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Danger Is My Line

Bastei Entertainment | The Chester Drum Mysteries


Drum guards a killer against an assassin with diplomatic immunity.

Everybody knows George Brandvik killed Jorgen Kolding. As soon as the jury acquits him, Brandvik sells his story to View magazine, confessing to the crime in exchange for a payday. Once the magazine hits newsstands, the death threats start rolling in - semi-literate garbage which nevertheless must be taken seriously. A reporter from View hires private detective Chester Drum to protect Brandvik, and an hour hasn't gone by before Drum saves the killer's life, disarming a Swedish blonde before she can plug Brandvik in the gut. She is the dead man's daughter, and her diplomatic immunity means she will be deported, not prosecuted. But before she leaves, her bloodlust must be sated.

That afternoon, the reporter and his driver are killed by a car bomb, and Drum sees the Swedish girl fleeing the scene. Soon Brandvik is dead too, gunned down in his bathroom. Drum books tickets to Iceland, to learn if this waifish blonde is really as deadly as she seems.

Review quote:

"A steadily satisfying series of adventures." - The New York Times Book Review.

"A cult author for lovers of noir fiction." - Mónica Calvo-Pascual, author of Chaos and Madness.

"A great pulpster ... always one of my favorites." - Ed Gorman, author of The Poker Club.

"Langton's sparkling prose and inimitable wit offer a delectable feast for the discriminating reader." - Publishers Weekly.

"Like Jane Austen and Barbara Pym, Langton is blessed with the comic spirit - a rare gift of genius to be cherished." - St. Louis Post-Dispatch.

Biographical note:

Stephen Marlowe (1928-2008) was the author of more than fifty novels, including nearly two dozen featuring globe-trotting private eye Chester Drum. Born Milton Lesser, Marlowe was raised in Brooklyn and attended the College of William and Mary. After several years writing science fiction under his given name, he legally adopted his pen name, and began focusing on Chester Drum, the Washington-based detective who first appeared in The Second Longest Night (1955).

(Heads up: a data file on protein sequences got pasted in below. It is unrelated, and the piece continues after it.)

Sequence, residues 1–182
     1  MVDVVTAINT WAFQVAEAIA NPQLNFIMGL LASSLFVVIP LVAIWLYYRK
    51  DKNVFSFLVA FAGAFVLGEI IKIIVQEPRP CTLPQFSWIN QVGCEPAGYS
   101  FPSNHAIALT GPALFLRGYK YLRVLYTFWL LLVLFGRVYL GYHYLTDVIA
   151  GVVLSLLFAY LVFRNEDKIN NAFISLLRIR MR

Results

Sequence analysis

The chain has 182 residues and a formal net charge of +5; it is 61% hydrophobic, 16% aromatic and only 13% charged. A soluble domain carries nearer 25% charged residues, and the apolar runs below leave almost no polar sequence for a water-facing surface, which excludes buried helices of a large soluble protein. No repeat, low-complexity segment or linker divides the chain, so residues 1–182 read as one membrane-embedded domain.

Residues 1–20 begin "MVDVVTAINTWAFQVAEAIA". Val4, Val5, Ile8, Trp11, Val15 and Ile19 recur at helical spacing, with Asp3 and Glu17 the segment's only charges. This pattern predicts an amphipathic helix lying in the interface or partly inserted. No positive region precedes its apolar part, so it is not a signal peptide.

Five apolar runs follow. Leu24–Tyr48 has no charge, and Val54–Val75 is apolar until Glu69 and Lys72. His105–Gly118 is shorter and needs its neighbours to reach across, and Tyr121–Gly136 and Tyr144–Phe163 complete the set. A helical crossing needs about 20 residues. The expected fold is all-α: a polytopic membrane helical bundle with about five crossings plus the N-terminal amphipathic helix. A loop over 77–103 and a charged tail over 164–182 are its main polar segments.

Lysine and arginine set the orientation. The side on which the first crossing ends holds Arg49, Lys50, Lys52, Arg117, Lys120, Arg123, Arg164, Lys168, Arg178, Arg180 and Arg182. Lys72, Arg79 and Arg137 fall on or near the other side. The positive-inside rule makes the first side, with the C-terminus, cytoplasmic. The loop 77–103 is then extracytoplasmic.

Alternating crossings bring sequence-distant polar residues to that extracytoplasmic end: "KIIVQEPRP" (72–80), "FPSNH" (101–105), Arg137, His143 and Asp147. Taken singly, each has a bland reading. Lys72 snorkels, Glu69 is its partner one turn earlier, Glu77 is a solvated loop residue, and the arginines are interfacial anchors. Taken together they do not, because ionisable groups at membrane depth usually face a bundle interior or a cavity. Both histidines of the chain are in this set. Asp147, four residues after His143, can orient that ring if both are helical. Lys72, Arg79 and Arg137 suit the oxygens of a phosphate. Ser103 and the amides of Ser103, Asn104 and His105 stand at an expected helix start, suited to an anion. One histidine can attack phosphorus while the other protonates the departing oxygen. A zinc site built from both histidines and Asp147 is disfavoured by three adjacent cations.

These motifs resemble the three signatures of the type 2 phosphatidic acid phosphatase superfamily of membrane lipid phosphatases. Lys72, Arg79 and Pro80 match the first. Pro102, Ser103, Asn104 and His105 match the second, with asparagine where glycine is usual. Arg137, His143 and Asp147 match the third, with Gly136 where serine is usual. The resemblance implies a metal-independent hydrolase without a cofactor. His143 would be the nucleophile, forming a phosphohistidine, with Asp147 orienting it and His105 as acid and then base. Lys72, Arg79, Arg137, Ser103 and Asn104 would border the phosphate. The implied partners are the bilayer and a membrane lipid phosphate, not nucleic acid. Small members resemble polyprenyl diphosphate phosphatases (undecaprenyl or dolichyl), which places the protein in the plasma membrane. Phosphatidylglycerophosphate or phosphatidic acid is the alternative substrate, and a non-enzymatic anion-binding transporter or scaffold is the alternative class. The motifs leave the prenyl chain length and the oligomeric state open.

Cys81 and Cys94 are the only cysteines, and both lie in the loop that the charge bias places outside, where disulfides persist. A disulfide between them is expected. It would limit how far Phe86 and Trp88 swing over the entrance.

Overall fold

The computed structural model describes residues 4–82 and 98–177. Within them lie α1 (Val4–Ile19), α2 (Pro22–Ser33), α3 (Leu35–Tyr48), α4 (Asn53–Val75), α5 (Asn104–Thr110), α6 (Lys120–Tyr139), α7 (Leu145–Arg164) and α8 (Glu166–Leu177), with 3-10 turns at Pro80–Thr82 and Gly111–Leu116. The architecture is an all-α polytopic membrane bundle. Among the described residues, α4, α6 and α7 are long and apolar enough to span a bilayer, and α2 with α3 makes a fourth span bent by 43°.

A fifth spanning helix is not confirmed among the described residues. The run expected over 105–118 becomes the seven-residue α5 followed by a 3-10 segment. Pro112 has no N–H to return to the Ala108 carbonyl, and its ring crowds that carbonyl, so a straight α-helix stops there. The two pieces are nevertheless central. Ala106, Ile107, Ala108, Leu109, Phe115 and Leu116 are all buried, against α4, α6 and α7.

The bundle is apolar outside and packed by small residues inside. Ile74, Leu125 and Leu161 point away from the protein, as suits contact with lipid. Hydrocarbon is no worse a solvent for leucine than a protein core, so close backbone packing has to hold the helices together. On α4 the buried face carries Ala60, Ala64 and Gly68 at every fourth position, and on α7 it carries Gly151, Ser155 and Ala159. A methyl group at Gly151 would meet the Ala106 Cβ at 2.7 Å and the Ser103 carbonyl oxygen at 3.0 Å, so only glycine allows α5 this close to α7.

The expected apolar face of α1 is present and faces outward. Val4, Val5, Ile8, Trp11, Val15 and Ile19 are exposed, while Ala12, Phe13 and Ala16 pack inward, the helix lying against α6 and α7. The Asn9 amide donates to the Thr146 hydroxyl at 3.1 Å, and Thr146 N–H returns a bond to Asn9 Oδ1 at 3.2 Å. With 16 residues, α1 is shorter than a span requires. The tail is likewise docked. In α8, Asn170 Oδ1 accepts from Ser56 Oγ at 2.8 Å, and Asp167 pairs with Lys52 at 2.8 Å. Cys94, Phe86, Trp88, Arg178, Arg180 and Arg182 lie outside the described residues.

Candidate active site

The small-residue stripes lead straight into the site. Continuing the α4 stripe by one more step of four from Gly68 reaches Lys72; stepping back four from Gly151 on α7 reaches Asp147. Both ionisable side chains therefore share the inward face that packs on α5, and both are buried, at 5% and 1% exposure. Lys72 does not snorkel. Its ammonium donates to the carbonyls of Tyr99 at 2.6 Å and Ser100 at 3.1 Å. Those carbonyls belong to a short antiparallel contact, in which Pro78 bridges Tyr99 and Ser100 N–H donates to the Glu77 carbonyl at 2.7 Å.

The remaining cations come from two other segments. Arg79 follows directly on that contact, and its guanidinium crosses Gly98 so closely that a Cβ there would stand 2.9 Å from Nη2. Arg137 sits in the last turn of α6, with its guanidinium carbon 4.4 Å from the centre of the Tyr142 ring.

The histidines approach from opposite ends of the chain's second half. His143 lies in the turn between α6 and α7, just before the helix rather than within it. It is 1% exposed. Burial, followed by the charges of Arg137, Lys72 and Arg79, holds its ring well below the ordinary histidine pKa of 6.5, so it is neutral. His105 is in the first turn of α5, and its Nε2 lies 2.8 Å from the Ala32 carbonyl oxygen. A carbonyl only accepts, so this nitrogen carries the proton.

Although a private detective akin to Raymond Chandler's characters, Drum was distinguished by his jet-setting lifestyle, which carried him to various exotic locales from Mecca to South America. These espionage-tinged stories won Marlowe acclaim, and he produced more than one a year before ending the series in 1968. After spending the 1970s writing suspense novels like The Summit (1970) and The Cawthorn Journals (1975), Marlowe turned to scholarly historical fiction. He lived much of his life abroad, in Switzerland, Spain, and France, and died in Virginia in 2008.

 
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Cover zur kostenlosen eBook-Leseprobe von »Peril Is My Pay«

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Peril Is My Pay

Bastei Entertainment | The Chester Drum Mysteries


In Rome for the Olympics, Drum witnesses an assassination

When he was in college, Kyle Ryder picked up athletic records effortlessly. Now he picks up girls. An Olympic-quality javelin thrower, he has recently fallen for a Czechoslovakian Amazon named Hilda, whose weapon of choice is the discus. On the eve of the Rome summer Olympics, Kyle's father hires private detective Chester Drum to follow his son. He doesn't mind the girl - it's her Soviet handlers who make him nervous.

The Olympic torch hasn't even been lit when their love affair takes its first casualty. Their Italian go-between, Signor Mozzoni, is crossing the street when a Citroën runs him down. With their protector dead, Kyle and his girlfriend vanish. If Drum doesn't find the missing athletes quickly, the Soviet trainers will give them a workout from which they'll never recover.

Review quote:

"An enjoyable ... pursuit-thriller." - The New York Times Book Review

"A great pulpster ... always one of my favorites." - Ed Gorman, author of The Poker Club

"Drum sleuths to his own beat; he is a strong private investigator, who hooks the audience in each tale, short or long." - Harriet Klausner Book Reviews

Biographical note:

Stephen Marlowe (1928-2008) was the author of more than fifty novels, including nearly two dozen featuring globe-trotting private eye Chester Drum. Born Milton Lesser, Marlowe was raised in Brooklyn and attended the College of William and Mary. After several years writing science fiction under his given name, he legally adopted his pen name, and began focusing on Chester Drum, the Washington-based detective who first appeared in The Second Longest Night (1955).

Although a detective akin to Raymond Chandler's characters, Drum was distinguished by his jet-setting lifestyle, which carried him to various exotic locales from Mecca to South America. These espionage-tinged stories won Marlowe acclaim, and he produced more than one a year before ending the series in 1968. After spending the 1970s writing suspense novels like The Summit (1970) and The Cawthorn Journals (1975), Marlowe turned to scholarly historical fiction. He lived much of his life abroad, in Switzerland, Spain, and France, and died in Virginia in 2008.